Perfect Plants for Kitchens
The heart of any home or apartment, your kitchen is a place where family and friends gravitate. That also makes it a wonderful place to grow houseplants, especially those varieties that might need a bit more attention from you to keep them in top form. You’ll be more likely to notice a thirsty or sick plant if it’s growing right in front of you instead of being tucked away in a back bedroom or bath.
Of course, not all kitchens are alike. Some have big sunny windows while other galley-style arrangements may not have any natural light at all. But, because they are all high-traffic locations, you can push the envelope on the kinds of plants you choose.. Check out our list of interesting selections for kitchens with varying light levels.Plants for dark kitchens
If your kitchen receives little to no natural light, look for shade-loving varieties such as snake plant, philodendron, ZZ plant, Chinese evergreen, or pothos. All of them are super easy to grow and don’t mind dim conditions. Other low-light plants that might need a bit more attention include peace lily, Rex begonia, pilea, orchid, calathea, selaginella moss, and ferns.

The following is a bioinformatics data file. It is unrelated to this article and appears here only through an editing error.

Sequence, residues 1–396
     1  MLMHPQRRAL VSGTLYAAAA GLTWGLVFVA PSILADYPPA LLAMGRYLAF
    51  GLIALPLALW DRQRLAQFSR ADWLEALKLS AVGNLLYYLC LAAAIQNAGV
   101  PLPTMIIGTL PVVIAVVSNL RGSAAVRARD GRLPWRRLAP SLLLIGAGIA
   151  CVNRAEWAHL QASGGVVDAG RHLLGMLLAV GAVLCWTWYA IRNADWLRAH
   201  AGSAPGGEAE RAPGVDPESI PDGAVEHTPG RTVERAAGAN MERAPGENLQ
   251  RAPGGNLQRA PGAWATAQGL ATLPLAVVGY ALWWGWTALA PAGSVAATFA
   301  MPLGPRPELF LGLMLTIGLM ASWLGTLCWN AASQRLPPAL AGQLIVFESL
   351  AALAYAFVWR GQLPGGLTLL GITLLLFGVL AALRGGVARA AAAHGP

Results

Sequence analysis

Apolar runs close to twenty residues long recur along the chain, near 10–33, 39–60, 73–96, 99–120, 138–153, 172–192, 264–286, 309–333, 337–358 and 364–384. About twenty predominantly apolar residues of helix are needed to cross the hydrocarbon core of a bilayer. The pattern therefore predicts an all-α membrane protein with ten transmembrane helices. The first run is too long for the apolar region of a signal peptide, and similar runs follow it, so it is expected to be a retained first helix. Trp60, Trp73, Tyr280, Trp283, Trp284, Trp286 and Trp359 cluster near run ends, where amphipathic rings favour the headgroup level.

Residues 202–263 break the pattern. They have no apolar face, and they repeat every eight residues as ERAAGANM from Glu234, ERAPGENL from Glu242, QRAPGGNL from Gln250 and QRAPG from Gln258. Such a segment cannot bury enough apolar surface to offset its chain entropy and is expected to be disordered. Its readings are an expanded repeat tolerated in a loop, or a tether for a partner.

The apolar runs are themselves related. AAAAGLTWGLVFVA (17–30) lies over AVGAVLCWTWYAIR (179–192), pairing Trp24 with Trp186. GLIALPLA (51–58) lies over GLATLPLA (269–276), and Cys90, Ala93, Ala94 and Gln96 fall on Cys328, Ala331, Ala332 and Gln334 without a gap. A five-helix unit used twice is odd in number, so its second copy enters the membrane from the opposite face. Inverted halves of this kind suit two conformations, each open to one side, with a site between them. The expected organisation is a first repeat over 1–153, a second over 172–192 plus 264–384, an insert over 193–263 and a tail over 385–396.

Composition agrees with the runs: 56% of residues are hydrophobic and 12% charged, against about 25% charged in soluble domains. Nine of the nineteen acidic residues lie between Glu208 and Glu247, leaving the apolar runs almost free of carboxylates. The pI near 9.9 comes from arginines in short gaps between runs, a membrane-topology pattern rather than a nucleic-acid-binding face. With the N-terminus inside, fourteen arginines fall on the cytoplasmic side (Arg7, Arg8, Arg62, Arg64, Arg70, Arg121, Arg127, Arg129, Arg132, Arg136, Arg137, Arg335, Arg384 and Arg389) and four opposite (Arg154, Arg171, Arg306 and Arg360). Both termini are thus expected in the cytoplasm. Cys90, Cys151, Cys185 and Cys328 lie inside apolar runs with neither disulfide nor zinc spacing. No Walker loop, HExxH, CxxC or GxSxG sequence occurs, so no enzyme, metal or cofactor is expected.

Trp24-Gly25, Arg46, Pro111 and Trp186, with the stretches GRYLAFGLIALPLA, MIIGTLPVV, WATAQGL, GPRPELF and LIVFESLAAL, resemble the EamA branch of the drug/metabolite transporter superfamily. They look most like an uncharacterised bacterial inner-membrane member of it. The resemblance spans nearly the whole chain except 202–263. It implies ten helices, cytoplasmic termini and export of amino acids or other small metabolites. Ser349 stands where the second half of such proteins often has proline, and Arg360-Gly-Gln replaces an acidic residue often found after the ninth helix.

Plants for bright kitchens
Probably the majority of houseplants prefer bright, indirect light. That’s why if your kitchen has an east- or west-facing window you have the biggest selection of plants to choose from. Some top picks for these kitchens include lucky bamboo, china doll, money tree, lipstick plant, peperomia, dracaena, hoya, ficus, arrowhead vine, and Madagascar dragon tree. Additional options that you can play with include flame violet, Teddy bear vine, dragon’s tongue, nerve plant, and creeping fig.
Plants for sunny kitchens
Many people are surprised to learn that some houseplants hate the sun, but in the wild, these species evolved to grow in the shadows under a leafy canopy of trees. So, if you have a kitchen with unobstructed, south-facing windows, you’ll need to select plants that are natural sun-worshippers. Good choices include yucca cane, jade plant, croton, aloe vera, ponytail palm, succulents, schefflera, and cactus. Sun-lovers that might need a bit more attention include ti plant, tropical hibiscus, and sago palm.